They finally gave me some trouble when we stopped to eat dinner at the McDonald’s, a mere hour and a half from our destination. I had a couple of really nasty diapers to change, courtesy of my 21-month-old daughter, who was apparently waiting for a restaurant to stink up before she let loose. Fine by me. Better the McDonald’s than my car. Then, in uncharacteristic fashion, my 5-year-old decided he’d have a go with a poopy accident. There’s something about the McDonald’s that makes people want to poo, I guess.
Anyway, I got some goofy pictures of the kids on the Play Ground (post-clean-up, of course.)
Things were pretty boring until we got to the motel. When we pulled into the parking lot, I instructed Miss Molly and Crazy Billy to lay down in the backseat. Why? Well, there is a three kid limit to a room. Now, I don’t have the funds to rent 2 rooms. Since we enter the rooms from the outside, it was essential we sneak the other two kids in. So, I told them to lie down so they wouldn’t be spotted. They obliged, but after about 30 seconds, Miss Molly asks in a suspicious voice, “Is this a joke?” No, dear heart, it’s not.
I get the room and drive around to the parking lot. It turns out, we have to walk across a large expanse of grass to get to the door. The chances of us making it unnoticed, at 11:00 pm when there is nobody else around, are not good. Considering the kids picked that exact moment to be loud, obnoxious, and clumsy made it impossible. They dropped blankets and suitcases, Billy talked in his only tone of voice which happens to be an outside-on-the-playground-with-tons-of-kids-radio-blasting-swarm-of-bees-passing-by voice, and all of them decided it was time to start pretending they were in Wrestlemania. On a positive note, Anna learned a couple of new words. The sh%% one, which she only said once (as did I, in a moment of panic and frustration), but only because she liked the other one much better. We made our way across no-man’s land with a 21-month-old repeatedly saying, “dammit” at the top of her lungs, and the other kids laughing hysterically at the profanity coming out of such a sweet baby’s mouth.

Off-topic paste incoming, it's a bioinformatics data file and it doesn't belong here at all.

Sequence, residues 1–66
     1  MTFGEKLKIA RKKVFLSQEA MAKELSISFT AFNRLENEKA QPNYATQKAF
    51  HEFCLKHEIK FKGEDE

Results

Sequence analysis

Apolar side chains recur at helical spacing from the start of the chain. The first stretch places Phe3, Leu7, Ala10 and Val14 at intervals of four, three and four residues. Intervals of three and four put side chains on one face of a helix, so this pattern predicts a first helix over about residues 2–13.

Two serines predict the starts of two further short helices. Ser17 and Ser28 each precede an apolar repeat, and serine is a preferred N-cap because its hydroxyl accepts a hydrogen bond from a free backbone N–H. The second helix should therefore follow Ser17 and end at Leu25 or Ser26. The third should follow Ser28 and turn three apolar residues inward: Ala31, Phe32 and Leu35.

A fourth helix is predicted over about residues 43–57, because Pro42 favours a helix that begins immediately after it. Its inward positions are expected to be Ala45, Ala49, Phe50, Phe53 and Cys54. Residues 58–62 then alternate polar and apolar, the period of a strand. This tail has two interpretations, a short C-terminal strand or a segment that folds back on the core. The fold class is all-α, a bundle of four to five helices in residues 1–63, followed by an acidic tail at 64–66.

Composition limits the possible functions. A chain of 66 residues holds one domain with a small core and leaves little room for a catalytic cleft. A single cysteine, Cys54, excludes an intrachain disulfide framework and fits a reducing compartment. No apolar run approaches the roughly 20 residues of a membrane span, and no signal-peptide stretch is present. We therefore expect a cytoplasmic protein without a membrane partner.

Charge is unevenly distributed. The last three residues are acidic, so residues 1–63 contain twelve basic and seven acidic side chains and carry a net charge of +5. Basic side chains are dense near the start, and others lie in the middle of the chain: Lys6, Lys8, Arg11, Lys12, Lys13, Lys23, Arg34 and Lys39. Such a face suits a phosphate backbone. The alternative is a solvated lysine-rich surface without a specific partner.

Miraculously, no one accosted us and made me pay the $70 for another room. Even more amazing, not one person knocked on our door once we got in the room and all the kids started arguing about who was sleeping in which bed. Turns out, one was on the floor and another one had a bed all to himself. The other three slept in the bed with me, where the most comfortable spot must’ve been my head and my feet. Anna head butted me several times before finally drifting off. When I woke up the next morning, I could barely stand, my back hurt so bad.
The next leg of the trip was even more pleasant than the first. Even less arguing and no traffic. Well, until we got about an hour outside of Louisville. The rain was really coming down and the interstate went down to one lane for a while. We only stopped moving for about 2 minutes. That was scary, though. While we were sitting there, a huge bolt of lightning struck not 100 ft. from us. We all flinched/ducked/squealed. The crackling was freaky. By the time we got home, the rain had slowed to a drizzle and I was more than ready to get out of that car. This was a welcome sight.
I must say it was a pleasant trip. Somehow, I feel like the trip home will more than make up for that. They still have their Nintendo DSs and I still have the camera. Maybe I can get some better pictures on the way home. Honestly, I’d rather just drive. Hopefully, the kids will cooperate. Though it would make for much better reading if they acted more like themselves. If you’re hoping they will, just so you will be more entertained–shame on you.